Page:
The book is organized chronologically rather than thematically. McBride moves through periods of temple construction and related issues, with chapter titles such as “The Walls Rise,” “The Death of Joseph,” “The Ascendancy of the Twelve,” “Setting the Capstone,” “Endowed with Power,” and “Monument to a People.” After a final chapter, “The Temple’s Fate,” he concludes with an epilogue titled “The Temple Resurrected,” documenting efforts involved in the purchase, reclamation, and the beginning phases of the rebuilding of the Nauvoo Temple (though he leaves the bulk of that story for another telling). The chapters are divided with subheadings that make for easy browsing and facilitate quick tracking of information. Though the author occasionally identifies some of the aforementioned themes throughout, they are more often left implicit for readers to identify and interpret on their own. The sources are often left free to speak for themselves, as McBride quotes liberally with large text blocks appearing on nearly every page. What McBride offers is an organizational structure and ordering of texts that would take years, perhaps decades to assemble. His work is the culmination of much searching, gathering, and organizing, and it reflects a great love for the subject.

McBride demonstrates a broad awareness of the archaeological data that has been gathered on the temple, as well as an understanding of the scholarship that has been done relevant to temple building and the Saints’ experience with the temple. He makes ample use of footnotes to cite such works, though his footnotes are dominated by primary sources and supplementary quotations. What sources he is not able to fit into the text or the notes are provided in an appendix of eyewitness descriptions of the temple, taken primarily from contemporary newspapers and other travelers’ accounts. A useful bibliography of all primary and secondary sources is also provided.

To those familiar with Church history, much of McBride’s narrative will be familiar. Certain events such as the “Bogus Brigham” incident (279–84) and efforts such as the Sisters’ Penny Subscription Fund for the Nauvoo Temple are well known to many. But there is much in the narrative that will be new to most readers, such as the French Icarians’ efforts to purchase and restore the temple after the Saints left and after it had been gutted by fire (a group of Icarian workers was nearly killed inside the temple when the walls were toppled by a tornado) or the secondhand accounts given by the supposed temple arsonist just before his death, along with several refutations of that admission (353–64).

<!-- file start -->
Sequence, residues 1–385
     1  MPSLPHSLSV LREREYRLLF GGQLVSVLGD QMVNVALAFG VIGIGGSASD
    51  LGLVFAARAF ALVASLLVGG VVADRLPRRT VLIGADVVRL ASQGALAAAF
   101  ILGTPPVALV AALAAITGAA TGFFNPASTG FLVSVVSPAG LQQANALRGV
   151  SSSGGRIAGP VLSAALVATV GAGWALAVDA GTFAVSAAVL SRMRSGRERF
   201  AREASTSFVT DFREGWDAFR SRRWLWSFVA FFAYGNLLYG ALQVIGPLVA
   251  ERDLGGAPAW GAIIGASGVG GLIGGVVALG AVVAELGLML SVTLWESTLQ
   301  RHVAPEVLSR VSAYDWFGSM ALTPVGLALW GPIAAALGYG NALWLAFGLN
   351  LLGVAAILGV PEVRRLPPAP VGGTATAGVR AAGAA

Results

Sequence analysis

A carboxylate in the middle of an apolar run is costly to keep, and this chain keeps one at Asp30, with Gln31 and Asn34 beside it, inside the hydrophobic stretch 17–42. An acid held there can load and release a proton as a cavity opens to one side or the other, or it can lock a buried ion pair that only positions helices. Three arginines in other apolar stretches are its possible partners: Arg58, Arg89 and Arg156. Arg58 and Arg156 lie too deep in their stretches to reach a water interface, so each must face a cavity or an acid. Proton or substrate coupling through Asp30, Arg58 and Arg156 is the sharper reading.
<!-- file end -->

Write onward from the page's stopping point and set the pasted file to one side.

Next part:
Most readers will find the book to be a nice overview of a story of which they know only the basics, now fleshed out in great detail and told primarily in the authentic voices of the Nauvoo Saints themselves. It is a fine achievement of a dedicated researcher and one that has already been adorned with honors, being awarded Best Book for 2007 by the John ­Whitmer Historical Association. I recommend it to anyone who wishes to better understand Nauvoo and its temple as it was experienced and described by the Saints who lived there and who sacrificed to build it.

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About the author(s)

Stanley J. Thayne is a graduate student in U.S. history at Brigham Young University. He was awarded the Juanita Brooks Best Undergraduate Paper at the Mormon History Association conference in 2006, and his recent publications include “In Harmony? Perceptions of Mormonism in Susquehanna, Pennsylvania,” Journal of Mormon History 33, no. 3 (2007): 114–51.